One of the key skills that leaders of all high-performing teams need is providing accountability.
Accountability means your team takes ownership of the results they create, but as a leader providing accountability is quite the opposite of pointing fingers or playing the blame game. It’s about communicating expectations, following up to ensure those expectations are fulfilled, and providing feedback for improvement.
If you feel like your team is struggling with owning their responsibilities and following through with results right now, I have five strategies for you to boost accountability in your business.
Set Clear Expectations
The first step is to make sure your team knows exactly what is expected of them individually and collectively. Now, as the CEO of your business, it’s your responsibility to provide:
- What goals must be achieved
- What are the responsibilities of each team member to achieve these goals
- What their individual KPIs are
- Who’s accountable for what
If your team doesn’t clearly know what their roles, responsibilities and your expectations are, it’s time to step up and align your team before proceeding to any kind of work or task.
Always Follow Up
Simply put, follow up. There will be times when team members struggle to complete tasks or achieve results, and you need to keep an open line of communication. Find out what their roadblocks are.
You can only remove these roadblocks if you follow up and understand what’s getting in the way.
Measure, Measure, Measure
When it comes to accountability, metrics are key. This is the best way to assess your team’s performance. Are they doing great? Are they producing better results? Or are there areas of improvement that you need to work on?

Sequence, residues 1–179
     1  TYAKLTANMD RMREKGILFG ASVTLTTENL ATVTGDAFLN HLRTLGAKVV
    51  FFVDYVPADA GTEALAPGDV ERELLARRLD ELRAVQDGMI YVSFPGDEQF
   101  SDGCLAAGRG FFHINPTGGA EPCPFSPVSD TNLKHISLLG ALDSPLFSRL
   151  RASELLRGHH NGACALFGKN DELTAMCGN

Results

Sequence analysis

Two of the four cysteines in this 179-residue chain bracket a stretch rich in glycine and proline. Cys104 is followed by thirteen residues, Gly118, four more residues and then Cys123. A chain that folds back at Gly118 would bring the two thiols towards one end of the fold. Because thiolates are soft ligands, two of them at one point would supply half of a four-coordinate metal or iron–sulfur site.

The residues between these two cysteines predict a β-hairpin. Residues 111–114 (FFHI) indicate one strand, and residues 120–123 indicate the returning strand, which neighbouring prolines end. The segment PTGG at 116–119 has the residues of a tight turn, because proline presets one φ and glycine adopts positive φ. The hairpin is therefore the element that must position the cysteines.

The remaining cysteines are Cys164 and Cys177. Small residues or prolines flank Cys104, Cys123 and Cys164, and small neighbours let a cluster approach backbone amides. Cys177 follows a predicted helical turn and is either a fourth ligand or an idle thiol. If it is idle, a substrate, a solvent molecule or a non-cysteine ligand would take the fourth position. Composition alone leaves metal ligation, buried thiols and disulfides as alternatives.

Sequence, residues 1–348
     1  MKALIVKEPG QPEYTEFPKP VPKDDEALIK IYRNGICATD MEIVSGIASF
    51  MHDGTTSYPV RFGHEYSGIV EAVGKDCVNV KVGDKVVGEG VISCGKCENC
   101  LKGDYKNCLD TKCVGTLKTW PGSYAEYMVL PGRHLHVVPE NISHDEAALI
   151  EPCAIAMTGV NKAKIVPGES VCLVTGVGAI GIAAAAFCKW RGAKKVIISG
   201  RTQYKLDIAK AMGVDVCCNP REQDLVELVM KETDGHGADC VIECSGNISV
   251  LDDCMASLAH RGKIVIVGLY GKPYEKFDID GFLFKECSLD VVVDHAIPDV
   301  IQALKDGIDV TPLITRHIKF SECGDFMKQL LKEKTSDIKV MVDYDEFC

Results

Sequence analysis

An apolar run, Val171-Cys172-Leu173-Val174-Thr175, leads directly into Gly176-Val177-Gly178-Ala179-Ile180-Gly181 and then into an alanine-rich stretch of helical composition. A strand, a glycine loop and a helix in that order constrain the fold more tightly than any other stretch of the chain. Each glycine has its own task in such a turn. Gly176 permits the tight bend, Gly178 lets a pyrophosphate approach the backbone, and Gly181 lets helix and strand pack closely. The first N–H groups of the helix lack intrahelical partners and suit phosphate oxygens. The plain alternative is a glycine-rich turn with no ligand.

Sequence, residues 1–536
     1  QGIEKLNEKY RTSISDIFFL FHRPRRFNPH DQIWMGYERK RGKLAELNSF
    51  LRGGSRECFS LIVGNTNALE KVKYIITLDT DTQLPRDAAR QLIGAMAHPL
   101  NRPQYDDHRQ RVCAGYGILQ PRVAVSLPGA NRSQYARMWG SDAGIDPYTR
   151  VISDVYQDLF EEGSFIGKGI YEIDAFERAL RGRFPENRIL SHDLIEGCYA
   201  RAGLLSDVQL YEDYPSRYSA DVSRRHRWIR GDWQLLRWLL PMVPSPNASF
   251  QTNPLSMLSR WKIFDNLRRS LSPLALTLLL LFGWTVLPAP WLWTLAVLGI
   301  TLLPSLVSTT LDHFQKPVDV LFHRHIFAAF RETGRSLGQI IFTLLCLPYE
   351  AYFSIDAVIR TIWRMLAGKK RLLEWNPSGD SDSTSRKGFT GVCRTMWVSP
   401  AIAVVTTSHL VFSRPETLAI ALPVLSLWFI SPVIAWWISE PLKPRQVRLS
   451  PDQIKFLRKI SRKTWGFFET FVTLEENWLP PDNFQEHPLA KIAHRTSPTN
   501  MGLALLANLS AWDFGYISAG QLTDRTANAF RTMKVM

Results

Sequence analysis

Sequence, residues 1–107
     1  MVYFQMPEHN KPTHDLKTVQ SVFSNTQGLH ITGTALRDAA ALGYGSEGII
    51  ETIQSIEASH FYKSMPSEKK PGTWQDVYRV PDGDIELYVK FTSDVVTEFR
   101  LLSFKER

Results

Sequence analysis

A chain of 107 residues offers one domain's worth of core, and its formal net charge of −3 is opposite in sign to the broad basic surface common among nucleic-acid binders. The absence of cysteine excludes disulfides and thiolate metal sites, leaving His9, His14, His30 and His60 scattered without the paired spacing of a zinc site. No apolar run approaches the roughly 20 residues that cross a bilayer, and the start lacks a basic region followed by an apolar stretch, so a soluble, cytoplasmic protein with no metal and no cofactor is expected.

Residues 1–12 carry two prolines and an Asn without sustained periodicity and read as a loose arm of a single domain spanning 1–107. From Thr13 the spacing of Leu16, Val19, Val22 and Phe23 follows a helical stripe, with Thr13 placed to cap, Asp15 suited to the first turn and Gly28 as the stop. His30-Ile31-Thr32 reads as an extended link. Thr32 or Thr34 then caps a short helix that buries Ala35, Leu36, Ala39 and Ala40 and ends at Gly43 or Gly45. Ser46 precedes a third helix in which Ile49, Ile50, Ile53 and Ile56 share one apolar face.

One common mistake that entrepreneurs make is that they don’t track and measure results. If that’s you right now, start small by assigning one key metric each team member can be responsible for.
Keep it as simple as possible. Focus on the key metrics, and work as a team to track, manage and improve your numbers.
Set an Example
Accountability is a two-way street. You want your team to hold themselves accountable? Then set yourself as an example. You can’t expect your team to do something you’re not doing yourself. Being accountable means being honest, keeping your promises, showing up on time, and more.
Imposing accountability with the team works, but holding yourself accountable and becoming a role model for everyone works better.
Recognize and Reward Wins
Recognition of your team is incredibly important. By rewarding and recognizing your team’s wins and accomplishments, you encourage them to keep up at work and continue to practice accountability.
I’d say accountability is a team sport. As the CEO of your business, build a business that thrives on accountability and not only will you become a better leader, but your team members are more likely to grow, deliver better results, and enjoy working with you.